... be free assuredly, and that before many years; why not make friends of them instead of deadly enemies? Why not give them at once the wages of their labor? Is it to be supposed that a man will work more for fear of the lash than he will for the sake of an adequate reward? As a matter of policy, and to escape personal violence, or the destruction of one's property, it were well not to urge them—ignorant, savage, and slavish, as they are—into rebellion. As a mere matter of worldly interest, ...
— Records of Later Life • Frances Anne Kemble

... let her have it—it ended, certainly. The black October winds began to whistle in the chimneys and lash the Otter sea into foam; the morning mists were white and dense on the hills, and sometimes the curtain never rose the whole day; the burns were hoarse and muddy, the sheep in fold, the little birds silent. Leslie loved the prospect still, even the ...
— Girlhood and Womanhood - The Story of some Fortunes and Misfortunes • Sarah Tytler

... of casuistry A.M.D.G. One warning voice was raised before the publication of this epic. Cardinal Bentivoglio wrote from Italy beseeching Marino to 'purge it of lasciviousness in such wise that it may not have to dread the lash of our Italian censure.' Whether he followed this advice, in other words whether the original MS. of the Adone was more openly licentious than the published poem, I do not know. Anyhow, it was put upon the Index ...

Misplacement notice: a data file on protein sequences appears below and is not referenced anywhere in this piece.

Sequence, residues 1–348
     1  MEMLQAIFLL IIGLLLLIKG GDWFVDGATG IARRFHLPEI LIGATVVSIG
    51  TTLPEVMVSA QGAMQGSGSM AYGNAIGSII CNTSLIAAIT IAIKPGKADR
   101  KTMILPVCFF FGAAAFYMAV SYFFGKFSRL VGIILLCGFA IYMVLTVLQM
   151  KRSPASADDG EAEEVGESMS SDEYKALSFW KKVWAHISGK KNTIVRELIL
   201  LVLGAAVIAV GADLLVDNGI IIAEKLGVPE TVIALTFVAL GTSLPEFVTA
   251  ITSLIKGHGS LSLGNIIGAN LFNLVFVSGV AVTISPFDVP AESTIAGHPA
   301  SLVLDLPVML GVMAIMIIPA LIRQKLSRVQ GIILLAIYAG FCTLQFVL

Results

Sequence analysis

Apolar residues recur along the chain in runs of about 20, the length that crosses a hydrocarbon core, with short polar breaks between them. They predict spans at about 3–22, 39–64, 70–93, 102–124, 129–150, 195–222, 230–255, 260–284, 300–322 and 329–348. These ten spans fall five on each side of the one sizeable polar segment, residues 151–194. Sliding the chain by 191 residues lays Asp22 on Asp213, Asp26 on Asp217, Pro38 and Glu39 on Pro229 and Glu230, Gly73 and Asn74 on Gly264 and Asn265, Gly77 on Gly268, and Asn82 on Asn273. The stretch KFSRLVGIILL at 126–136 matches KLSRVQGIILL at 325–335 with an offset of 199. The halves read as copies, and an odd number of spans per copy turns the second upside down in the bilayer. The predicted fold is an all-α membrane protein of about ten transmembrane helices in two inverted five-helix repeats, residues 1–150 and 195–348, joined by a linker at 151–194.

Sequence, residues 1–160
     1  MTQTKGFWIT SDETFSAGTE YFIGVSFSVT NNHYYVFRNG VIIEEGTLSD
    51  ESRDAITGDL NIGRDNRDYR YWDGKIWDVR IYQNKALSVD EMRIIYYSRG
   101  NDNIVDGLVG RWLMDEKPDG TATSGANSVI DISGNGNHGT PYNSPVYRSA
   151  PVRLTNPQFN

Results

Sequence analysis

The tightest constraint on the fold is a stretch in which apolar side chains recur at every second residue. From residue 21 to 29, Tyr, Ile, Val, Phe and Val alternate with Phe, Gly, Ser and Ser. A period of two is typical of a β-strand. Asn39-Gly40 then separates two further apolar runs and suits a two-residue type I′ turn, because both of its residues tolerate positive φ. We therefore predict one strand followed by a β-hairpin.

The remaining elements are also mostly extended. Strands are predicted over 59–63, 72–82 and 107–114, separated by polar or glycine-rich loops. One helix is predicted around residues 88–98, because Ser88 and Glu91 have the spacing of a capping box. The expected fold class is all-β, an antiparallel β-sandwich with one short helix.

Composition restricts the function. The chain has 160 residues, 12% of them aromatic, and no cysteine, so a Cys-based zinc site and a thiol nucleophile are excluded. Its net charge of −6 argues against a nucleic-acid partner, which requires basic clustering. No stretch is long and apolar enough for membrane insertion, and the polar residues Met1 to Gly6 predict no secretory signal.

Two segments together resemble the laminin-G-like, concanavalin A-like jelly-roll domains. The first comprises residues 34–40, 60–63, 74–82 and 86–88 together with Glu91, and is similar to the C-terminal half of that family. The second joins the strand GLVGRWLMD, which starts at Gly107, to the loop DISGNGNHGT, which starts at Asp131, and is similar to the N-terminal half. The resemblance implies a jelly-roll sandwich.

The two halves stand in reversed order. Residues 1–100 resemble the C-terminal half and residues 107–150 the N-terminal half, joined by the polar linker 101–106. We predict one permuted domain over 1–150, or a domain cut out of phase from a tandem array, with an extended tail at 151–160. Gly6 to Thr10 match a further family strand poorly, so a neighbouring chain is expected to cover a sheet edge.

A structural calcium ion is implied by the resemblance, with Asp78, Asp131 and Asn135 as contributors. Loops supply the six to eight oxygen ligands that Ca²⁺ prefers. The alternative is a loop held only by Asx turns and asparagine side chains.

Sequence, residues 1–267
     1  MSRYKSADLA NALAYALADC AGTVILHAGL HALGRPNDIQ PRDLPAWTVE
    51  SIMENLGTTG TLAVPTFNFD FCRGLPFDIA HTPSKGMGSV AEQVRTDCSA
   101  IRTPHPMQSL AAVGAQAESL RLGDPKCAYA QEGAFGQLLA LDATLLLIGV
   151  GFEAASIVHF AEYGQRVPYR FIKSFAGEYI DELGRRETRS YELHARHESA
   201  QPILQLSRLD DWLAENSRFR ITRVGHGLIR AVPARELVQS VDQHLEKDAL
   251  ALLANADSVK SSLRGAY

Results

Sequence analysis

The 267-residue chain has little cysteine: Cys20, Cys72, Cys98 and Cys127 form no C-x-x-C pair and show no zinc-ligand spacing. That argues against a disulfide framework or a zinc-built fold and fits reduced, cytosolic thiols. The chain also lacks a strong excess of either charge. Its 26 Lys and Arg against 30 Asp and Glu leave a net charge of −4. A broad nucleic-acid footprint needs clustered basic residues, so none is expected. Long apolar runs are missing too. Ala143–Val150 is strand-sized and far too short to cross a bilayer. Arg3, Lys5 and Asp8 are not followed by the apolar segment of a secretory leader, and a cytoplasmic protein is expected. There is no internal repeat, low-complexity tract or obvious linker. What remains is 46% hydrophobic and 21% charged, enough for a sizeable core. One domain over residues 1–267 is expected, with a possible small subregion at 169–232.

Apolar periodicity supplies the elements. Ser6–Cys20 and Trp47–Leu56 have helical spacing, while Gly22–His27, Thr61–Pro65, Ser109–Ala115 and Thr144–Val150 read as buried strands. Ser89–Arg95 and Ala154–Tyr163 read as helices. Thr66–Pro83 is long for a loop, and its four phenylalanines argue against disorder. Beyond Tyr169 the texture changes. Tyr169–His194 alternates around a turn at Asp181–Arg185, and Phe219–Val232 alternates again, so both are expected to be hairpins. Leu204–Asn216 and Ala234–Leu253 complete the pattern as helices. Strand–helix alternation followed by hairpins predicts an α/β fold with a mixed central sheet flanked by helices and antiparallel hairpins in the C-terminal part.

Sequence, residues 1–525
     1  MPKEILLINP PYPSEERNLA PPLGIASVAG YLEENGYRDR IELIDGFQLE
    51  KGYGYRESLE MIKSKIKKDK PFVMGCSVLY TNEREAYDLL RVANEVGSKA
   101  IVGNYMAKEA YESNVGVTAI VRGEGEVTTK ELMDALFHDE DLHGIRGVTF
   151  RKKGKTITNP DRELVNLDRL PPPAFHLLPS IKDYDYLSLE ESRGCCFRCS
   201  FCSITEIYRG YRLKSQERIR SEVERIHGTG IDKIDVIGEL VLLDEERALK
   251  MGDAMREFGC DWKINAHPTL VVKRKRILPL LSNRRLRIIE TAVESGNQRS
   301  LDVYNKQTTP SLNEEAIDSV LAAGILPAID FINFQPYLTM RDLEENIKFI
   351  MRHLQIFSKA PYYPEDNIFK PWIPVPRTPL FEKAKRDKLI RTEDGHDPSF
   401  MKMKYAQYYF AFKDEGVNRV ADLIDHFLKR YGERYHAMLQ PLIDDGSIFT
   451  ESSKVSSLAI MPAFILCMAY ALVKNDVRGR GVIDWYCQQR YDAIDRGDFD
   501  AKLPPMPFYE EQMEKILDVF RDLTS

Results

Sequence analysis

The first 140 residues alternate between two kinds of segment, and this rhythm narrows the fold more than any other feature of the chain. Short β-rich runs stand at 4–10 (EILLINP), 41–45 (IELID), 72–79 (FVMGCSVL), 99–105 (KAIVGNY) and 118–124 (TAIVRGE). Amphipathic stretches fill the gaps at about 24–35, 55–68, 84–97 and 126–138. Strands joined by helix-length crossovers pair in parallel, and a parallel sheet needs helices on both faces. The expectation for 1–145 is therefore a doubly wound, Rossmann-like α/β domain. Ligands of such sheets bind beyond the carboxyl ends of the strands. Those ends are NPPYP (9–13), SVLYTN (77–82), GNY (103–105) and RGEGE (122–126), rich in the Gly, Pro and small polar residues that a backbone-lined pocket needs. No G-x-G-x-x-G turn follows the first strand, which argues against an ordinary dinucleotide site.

— Renaissance in Italy, Volumes 1 and 2 - The Catholic Reaction • John Addington Symonds

... is In that large-laughing page of his! What store and stock of Common-Sense, Wit, Wisdom, Books, Experience! How his keen Satire flashes through, And cuts a sophistry in two! How his ironic lightning plays Around a rogue and all his ways! Ah, how he knots his lash to ...
— Collected Poems - In Two Volumes, Vol. II • Austin Dobson

... himself from his bowed posture and again darted an angry glance at the foaming water as if he wished to lash the hated element with the look, as Xerxes had ...
— A Conspiracy of the Carbonari • Louise Muhlbach

... head bent low against the stinging rain, and with uncertain, clumsy feet, for reaction had come, and with it a deadly faintness. Twigs swung out of the darkness to lash at and catch me as I passed, invisible trees creaked and groaned above and around me, and once, as I paused to make more certain of my direction, a dim, vague mass plunged down athwart my path with ...